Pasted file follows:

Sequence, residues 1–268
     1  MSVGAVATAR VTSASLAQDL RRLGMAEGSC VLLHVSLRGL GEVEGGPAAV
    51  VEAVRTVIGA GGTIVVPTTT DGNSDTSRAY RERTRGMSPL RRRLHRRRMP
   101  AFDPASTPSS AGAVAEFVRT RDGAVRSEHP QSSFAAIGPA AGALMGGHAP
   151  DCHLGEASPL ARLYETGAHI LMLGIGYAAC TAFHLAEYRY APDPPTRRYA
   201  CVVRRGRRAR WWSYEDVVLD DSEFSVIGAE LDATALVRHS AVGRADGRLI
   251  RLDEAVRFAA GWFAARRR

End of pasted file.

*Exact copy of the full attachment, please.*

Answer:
Sequence, residues 1–268
     1  MSVGAVATAR VTSASLAQDL RRLGMAEGSC VLLHVSLRGL GEVEGGPAAV
    51  VEAVRTVIGA GGTIVVPTTT DGNSDTSRAY RERTRGMSPL RRRLHRRRMP
   101  AFDPASTPSS AGAVAEFVRT RDGAVRSEHP QSSFAAIGPA AGALMGGHAP
   151  DCHLGEASPL ARLYETGAHI LMLGIGYAAC TAFHLAEYRY APDPPTRRYA
   201  CVVRRGRRAR WWSYEDVVLD DSEFSVIGAE LDATALVRHS AVGRADGRLI
   251  RLDEAVRFAA GWFAARRR